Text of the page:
First Ever Video Footage Of A Live Ghost Shark Filmed In Deep-Sea! Scary!


Scientists say that we have only explored less than 5% of the ocean. We have a good idea of what lies at the surface of the oceans, but are completely clueless about what lies beneath it. 

There are records of ocean life surviving long past the point where the sun’s rays can penetrate water. Very rarely do scientists explore those depths to discover new species because of the difficulty of deep sea voyage. 

Now the Monterey Bay Aquarium Research Institute in California has released what could be the very first video footage of a 'ghost shark' alive in its natural habitat.

The unusual fish in the video is called the 'pointy-nosed blue chimaera' (Hydrolagus trolliare) or ghost sharks. Ghost sharks are the dead-eyed and wing-finned relatives of rays and other commonly known sharks. They are like regular sharks in that their bodies are not stiffened by bones, but by plates and bone-like bits of cartilage. One major difference between regular sharks and a ghost shark is that the ghost shark has a retractable sex organ on its head. They also prefer to live in rocky areas.

300 million years ago, the deep-sea dwellers split from their surface level counterparts. They are considered as 'living fossils', having remained unchanged long before dinosaurs began walking the Earth.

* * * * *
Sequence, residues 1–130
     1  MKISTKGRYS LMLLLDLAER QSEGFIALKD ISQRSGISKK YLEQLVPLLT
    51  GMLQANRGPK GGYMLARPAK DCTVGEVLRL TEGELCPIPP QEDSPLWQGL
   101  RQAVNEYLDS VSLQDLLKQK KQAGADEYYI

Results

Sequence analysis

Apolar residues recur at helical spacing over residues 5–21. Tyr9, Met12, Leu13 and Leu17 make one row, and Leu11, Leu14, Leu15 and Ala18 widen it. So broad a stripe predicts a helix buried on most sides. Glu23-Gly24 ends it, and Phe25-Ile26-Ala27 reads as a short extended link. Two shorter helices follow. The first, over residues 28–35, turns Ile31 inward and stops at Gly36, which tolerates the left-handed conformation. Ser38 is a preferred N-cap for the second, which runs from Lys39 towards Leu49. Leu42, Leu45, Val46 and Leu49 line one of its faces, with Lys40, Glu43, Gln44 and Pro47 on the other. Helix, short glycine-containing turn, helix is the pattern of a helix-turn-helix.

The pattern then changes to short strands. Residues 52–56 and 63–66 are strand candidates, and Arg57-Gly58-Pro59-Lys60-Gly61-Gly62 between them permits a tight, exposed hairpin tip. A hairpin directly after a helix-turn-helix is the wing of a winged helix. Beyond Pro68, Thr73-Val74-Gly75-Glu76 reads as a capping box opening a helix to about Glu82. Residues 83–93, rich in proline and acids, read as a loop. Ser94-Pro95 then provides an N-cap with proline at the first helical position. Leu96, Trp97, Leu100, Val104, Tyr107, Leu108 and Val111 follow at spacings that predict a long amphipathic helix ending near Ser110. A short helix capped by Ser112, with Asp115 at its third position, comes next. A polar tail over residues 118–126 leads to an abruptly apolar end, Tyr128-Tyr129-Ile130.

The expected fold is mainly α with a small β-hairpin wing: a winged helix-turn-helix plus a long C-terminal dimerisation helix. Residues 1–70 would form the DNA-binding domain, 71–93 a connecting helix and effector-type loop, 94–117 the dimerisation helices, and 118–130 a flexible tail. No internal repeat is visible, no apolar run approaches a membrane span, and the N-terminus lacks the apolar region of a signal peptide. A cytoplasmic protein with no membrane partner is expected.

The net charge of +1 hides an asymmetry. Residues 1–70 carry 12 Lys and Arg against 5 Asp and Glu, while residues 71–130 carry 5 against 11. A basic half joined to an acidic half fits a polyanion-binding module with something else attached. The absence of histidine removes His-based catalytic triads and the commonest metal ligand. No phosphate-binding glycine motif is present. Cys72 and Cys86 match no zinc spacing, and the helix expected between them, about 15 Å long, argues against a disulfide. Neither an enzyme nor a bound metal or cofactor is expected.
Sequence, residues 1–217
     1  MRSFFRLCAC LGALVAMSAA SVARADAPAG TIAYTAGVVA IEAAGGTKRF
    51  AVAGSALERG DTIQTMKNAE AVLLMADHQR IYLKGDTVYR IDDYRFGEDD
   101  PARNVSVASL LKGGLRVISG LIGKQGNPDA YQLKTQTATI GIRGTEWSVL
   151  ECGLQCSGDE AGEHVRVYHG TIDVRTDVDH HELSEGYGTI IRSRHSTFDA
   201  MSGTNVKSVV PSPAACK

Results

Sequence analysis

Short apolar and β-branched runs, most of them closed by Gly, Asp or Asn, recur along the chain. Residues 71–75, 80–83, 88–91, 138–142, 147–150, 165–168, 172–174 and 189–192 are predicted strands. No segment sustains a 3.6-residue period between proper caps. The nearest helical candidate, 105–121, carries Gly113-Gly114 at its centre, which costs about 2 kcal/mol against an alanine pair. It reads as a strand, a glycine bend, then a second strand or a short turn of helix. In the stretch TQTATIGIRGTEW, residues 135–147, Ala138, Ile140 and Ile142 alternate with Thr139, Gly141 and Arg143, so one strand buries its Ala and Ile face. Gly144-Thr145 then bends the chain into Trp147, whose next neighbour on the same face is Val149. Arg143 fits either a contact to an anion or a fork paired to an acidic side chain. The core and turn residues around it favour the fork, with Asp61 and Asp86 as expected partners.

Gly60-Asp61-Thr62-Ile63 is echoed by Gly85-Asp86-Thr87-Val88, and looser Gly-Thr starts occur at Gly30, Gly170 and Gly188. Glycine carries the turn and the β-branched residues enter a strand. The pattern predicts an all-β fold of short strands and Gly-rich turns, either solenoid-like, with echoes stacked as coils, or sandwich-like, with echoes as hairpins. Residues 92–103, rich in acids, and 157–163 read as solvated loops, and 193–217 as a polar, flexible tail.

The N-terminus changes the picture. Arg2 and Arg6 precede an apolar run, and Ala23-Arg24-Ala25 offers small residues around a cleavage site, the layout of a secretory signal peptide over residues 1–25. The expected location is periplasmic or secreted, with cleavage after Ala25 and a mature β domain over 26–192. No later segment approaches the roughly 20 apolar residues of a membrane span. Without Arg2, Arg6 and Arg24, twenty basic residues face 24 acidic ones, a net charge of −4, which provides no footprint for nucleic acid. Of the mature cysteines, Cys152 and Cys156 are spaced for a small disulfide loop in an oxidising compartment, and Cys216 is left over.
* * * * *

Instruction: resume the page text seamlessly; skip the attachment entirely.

In 2009, researchers sent a remotely operated vehicle, or ROV, on dives to depths of up to 6,700 feet in the waters off California and Hawaii. They weren’t expecting to see any signs of ghost sharks, who live in the Southern Hemisphere - closer to Australia and New Zealand.

“The guys doing the video were actually geologists,” says Dave Ebert, program director for the Pacific Shark Research Center at Moss Landing Marine Laboratories. 

The researchers admit that they can't completely verify the fish's identity without collecting one of them to bring to the surface. They also need to make detailed measurements of its fins and body parts - as well as DNA analysis on its tissue. 

Ghost sharks aren't a newly discovered species but never has anyone ever seen them in their preferred environment before.

Amazing! Watch The Video Here For All The Details!



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